In the reading today we hear echoes of mourning rituals, and of Wiesel’s despair in the voice of a couple Mendel and Sarah (who shared the name of Wiesel’s mother). They are waiting at dusk for Chava, meaning “life,” to return to the underground bunker. Chava is introduced as Mendel’s “bride-to-be” and Sarah’s sister. Chava, who has visited with Jews in other ghettos and bunkers to organize resistance, has left to make contact with the Polish Underground. Interestingly, Wiesel has designated a female character as the representative of the Jewish resistance fighters. A Magid (rabbi-preacher) steps forward to insist that Mendel marry quickly, the moment she returns: “To show God himself that we Jews refuse to lose our belief in ourselves.” His urgency derives from the massacres he witnessed that left him as a “preacher to the dead Jews”: “Listen, I said to them. Why didn’t you protect your relatives from the slaughter? Why only me? Why didn’t you protect your heirs, your Kaddish-sayers? Why didn’t you have pity on them?” The Magid speaks to God and to the community, living and dead. Mendel, however, is too haunted by the “hundreds of my relatives” and “holy old men and innocent children” slaughtered, without funerals (14).
A knock on the door brings not Chava but a young boy with tragic and desperate news. From his hiding spot, he watched as Nazi guards humiliated “the Rov” (Rabbi) and his students and “Yonkel the cripple.” The Magid demands that the names of those killed be spoken aloud: “Their names….these dead must be remembered…everyone.” The boy’s purpose is to report that David, the leader of the Jewish resistance has announced the time is right, despite a lack of weapons, for “the privilege of fighting” the German army. When he leaves, Mendel grows yet more impatient that Chava hasn’t returned. He flees as well. It is only then that Sarah reveals a secret. Chava is not her sister and Mendel’s fiancée but rather someone Mendel invented after being severely wounded by the Gestapo. He couldn’t bear that his actual fiancée Sarah was also captured and perhaps killed.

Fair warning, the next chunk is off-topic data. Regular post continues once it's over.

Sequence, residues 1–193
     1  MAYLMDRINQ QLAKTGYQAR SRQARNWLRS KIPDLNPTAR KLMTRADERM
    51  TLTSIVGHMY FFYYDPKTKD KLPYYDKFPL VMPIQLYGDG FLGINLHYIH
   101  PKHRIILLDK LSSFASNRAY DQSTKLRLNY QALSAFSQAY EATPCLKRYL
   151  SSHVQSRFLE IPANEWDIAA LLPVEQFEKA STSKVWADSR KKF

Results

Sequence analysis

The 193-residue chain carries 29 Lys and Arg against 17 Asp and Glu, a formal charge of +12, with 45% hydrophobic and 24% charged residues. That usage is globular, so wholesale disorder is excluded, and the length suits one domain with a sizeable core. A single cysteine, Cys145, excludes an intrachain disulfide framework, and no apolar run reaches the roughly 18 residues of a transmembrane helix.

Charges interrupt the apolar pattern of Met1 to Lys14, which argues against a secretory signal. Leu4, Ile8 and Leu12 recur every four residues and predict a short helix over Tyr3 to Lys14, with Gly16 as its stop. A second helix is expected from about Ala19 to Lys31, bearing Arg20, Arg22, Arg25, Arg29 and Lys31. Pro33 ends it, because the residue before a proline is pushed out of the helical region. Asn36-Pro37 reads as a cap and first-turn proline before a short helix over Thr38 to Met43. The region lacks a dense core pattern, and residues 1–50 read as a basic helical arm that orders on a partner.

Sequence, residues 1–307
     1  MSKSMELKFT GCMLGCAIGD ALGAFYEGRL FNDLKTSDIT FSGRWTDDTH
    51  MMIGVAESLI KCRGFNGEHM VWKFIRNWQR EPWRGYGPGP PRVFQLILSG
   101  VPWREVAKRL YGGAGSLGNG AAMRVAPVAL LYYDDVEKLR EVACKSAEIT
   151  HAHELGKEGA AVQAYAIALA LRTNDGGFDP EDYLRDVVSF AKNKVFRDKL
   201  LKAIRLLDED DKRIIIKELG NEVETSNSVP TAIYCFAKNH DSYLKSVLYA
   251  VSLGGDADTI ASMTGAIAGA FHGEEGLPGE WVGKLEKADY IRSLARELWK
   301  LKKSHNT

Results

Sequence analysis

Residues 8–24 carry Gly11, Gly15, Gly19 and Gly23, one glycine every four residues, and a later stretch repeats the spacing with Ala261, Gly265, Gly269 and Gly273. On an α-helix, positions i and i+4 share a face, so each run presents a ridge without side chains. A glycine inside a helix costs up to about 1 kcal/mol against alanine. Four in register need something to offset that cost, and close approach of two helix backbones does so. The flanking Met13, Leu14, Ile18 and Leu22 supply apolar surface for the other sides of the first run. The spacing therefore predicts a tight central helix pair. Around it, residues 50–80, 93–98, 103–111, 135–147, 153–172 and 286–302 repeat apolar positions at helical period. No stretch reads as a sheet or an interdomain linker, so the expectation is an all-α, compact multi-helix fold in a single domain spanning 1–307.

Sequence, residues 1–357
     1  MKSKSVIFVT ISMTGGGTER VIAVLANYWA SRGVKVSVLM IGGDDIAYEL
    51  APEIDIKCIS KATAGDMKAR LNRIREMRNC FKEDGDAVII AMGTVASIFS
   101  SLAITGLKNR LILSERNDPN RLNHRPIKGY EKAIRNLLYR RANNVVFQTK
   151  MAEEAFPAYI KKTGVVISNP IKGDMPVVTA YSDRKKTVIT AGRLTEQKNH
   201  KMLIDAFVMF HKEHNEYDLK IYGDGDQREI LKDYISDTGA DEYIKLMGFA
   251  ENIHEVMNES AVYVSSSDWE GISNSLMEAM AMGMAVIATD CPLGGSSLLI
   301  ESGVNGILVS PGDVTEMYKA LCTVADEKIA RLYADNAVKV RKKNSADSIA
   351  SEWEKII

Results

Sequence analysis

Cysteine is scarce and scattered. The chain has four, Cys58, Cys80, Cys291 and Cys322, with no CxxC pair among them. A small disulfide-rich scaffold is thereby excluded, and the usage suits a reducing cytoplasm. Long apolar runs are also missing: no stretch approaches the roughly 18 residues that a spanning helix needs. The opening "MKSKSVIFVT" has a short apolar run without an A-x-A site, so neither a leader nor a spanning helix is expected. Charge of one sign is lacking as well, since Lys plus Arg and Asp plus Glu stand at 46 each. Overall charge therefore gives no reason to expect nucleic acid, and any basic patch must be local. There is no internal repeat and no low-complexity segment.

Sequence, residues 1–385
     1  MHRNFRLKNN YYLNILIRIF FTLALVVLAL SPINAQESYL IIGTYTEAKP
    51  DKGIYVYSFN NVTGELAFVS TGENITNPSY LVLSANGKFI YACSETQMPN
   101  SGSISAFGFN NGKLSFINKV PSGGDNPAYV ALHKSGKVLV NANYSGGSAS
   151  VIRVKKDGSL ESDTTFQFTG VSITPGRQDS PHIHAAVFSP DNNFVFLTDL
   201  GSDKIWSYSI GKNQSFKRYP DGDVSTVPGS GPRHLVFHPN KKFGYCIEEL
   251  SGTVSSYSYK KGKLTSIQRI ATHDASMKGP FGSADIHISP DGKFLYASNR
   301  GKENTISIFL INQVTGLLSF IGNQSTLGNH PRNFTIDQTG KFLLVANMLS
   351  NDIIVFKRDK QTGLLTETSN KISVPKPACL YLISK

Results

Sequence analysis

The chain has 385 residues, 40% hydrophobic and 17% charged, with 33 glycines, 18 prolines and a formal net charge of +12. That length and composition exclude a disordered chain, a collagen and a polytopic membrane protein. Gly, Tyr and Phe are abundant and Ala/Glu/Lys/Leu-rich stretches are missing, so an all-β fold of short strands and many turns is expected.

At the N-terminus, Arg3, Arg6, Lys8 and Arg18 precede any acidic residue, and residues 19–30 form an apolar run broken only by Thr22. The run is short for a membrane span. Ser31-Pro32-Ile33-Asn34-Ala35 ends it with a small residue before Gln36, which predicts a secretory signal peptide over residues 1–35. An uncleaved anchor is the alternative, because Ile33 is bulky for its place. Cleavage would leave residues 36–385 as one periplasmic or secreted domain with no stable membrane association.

Strong throughout the play, Sarah suddenly confesses her doubts whether she is even alive: “Is Mendel right? Was I killed? Am I dead? And am I out of my mind, not he?” The Magid can’t help her as he can longer distinguish reality and dreams. Instead, he shares visions of the future of “Jews marching in the streets with flags and music,” “with pride” and “victories.” But Wiesel’s notes demand this be a vision of despair not hope. The Magid continues to recite prayers, quoting from Ani Ma’amin, but questions why “The Merciful one has divorced himself from his people.” In the name of those who died, he protests the silence and inaction of God and the wider community. In an allusion to Wiesel’s critique of the bystander, the Magid begs of the dead:
Do the living a favor, even if they are not worthy; do more for them than they did for you; help them far more than they helped you. Be gracious, ‘O dead, to the Jews of tomorrow. Don’t deny them their joys; don’t deny them their bar mitzvahs and their marriages, their homes and their freedoms. This is what I will ask of my dead congregation.
Wiesel’s play challenges God and humanity to resist indifference to the pain and suffering of others—in the Shoah and today. Indeed, the play ends with his darkest vision: “The dreadful black chuppah” (wedding canopy) “stands under a sky of black stars.” “I see the groom…He is alone…All alone.” The Magid’s words provoke Sarah’s “heart-rendering scream.”
Wiesel and Marion wed